Scientists discover new link between sleep deprivation and Alzheimer’s Disease

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Scientists discover new link between sleep deprivation and Alzheimer’s Disease
Scientists discover new link between sleep deprivation and Alzheimer’s Disease

In this ever-hectic world, sleep has become increasingly elusive. Many experience various types of side effects due to being deprived of sleep, such as weight gain, issues with memory, and a weakened immune system. Over time, these issues can lead to much more significant and detrimental effects on one’s health.

Most recently, a group of scientists linked sleep deprivation to Alzheimer’s Disease. In an interview with NPR, Jeffrey Iliff, a scientist at Oregon Health & Science University in Portland, stated that “changes in sleep habits may actually be setting the stage” for dementia.

Although scientists once believed that it was the disease itself that led to sleep disorders, it has been brought to light that amyloid plaques, “largely insoluble deposits of a toxic protein peptide called beta-amyloid,” develop more quickly in sleep-deprived mice.

The brain clears out these proteins and other toxins linked to Alzheimer’s during sleep. Iliff further explains that “the fluid that’s normally on the outside of the brain, cerebrospinal fluid — it’s a clean, clear fluid — it actually begins to recirculate back into and through the brain along the outsides of blood vessels.”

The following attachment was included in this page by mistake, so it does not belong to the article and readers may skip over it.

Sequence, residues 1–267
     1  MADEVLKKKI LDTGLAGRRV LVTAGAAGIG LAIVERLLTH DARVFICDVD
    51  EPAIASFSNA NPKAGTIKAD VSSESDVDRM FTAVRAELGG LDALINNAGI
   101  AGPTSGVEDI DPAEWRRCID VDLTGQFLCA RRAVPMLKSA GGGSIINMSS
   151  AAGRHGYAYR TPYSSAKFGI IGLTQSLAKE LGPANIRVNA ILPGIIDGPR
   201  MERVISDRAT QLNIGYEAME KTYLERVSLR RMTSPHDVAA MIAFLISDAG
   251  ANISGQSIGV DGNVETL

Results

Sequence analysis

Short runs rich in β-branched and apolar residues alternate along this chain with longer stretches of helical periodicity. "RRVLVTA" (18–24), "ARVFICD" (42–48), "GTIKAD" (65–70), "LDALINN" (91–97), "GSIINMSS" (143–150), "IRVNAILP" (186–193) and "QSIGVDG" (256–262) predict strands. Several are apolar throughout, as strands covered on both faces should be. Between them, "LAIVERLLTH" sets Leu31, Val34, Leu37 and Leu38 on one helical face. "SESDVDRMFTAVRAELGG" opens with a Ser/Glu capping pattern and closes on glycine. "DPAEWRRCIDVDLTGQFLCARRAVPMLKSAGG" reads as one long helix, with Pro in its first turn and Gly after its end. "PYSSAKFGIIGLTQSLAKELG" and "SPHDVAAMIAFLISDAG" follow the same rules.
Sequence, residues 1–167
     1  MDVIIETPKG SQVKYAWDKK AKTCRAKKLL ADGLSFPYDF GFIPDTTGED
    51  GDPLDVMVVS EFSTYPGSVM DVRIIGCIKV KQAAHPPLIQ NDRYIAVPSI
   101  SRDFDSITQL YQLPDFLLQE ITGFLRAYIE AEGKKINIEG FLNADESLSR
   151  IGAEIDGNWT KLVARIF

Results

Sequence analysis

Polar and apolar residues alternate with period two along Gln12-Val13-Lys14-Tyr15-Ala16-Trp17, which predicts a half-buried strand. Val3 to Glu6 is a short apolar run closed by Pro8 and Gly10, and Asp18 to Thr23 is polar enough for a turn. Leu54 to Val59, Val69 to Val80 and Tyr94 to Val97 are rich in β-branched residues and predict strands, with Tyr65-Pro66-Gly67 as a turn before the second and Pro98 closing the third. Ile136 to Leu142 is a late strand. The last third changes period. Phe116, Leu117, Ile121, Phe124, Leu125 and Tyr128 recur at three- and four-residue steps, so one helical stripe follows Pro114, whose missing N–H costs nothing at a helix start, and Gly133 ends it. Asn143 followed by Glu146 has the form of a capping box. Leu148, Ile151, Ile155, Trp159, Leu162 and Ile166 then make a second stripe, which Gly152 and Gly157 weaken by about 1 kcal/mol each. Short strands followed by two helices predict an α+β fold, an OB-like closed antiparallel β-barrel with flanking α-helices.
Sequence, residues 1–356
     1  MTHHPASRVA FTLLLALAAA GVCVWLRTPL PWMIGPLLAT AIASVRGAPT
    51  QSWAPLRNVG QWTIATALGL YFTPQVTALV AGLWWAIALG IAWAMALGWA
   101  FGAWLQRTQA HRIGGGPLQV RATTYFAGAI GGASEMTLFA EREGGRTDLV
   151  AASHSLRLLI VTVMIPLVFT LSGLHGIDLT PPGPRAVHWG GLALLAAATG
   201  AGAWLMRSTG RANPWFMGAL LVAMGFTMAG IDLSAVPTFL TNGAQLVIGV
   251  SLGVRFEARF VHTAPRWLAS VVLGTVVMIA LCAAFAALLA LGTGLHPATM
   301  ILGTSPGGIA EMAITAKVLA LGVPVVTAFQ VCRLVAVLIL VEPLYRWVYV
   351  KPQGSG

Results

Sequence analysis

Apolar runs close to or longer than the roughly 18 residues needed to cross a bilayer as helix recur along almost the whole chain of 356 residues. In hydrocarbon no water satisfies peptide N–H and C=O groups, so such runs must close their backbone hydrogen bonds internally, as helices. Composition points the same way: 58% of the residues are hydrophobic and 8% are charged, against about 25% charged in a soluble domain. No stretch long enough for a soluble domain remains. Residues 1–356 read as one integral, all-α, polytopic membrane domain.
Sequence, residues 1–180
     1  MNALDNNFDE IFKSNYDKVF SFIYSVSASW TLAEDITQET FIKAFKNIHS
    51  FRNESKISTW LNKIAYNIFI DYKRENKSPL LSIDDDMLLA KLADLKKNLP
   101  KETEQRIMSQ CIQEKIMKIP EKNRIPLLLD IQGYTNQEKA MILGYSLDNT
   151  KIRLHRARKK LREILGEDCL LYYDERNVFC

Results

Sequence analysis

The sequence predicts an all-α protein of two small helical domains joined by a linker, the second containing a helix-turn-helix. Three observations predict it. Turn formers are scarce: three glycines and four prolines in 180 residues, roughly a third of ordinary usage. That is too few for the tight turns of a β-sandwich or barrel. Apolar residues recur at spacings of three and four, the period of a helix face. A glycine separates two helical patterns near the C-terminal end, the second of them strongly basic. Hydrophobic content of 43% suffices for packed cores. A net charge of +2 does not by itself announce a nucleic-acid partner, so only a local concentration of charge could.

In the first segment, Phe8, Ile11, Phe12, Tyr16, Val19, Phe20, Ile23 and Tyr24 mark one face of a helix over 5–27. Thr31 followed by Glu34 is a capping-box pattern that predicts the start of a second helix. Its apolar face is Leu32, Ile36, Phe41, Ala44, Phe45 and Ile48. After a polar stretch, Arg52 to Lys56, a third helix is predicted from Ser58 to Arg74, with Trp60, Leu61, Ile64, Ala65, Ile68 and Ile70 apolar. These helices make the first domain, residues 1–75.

Iliff and his team are set to conduct a study on human subjects. They will likely utilize the world’s most powerful MRI, which is housed at the University in Portland, to strengthen the connection between sleep deprivation and Alzheimer’s Disease.

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Crystal Perry, MS, LMHC, LPC has been working in the clinical field for over a decade. She has helped to empower individuals to think critically and creatively to solve problems and help improve their lives. Perry has applied these clinical skills in multiple agencies with every population from infants to older adults. She has used these experience to be a state office expert mental health treatment. Her training in clinical practice and art therapy has afforded her the opportunity to understand all aspects of mental health and wellness.

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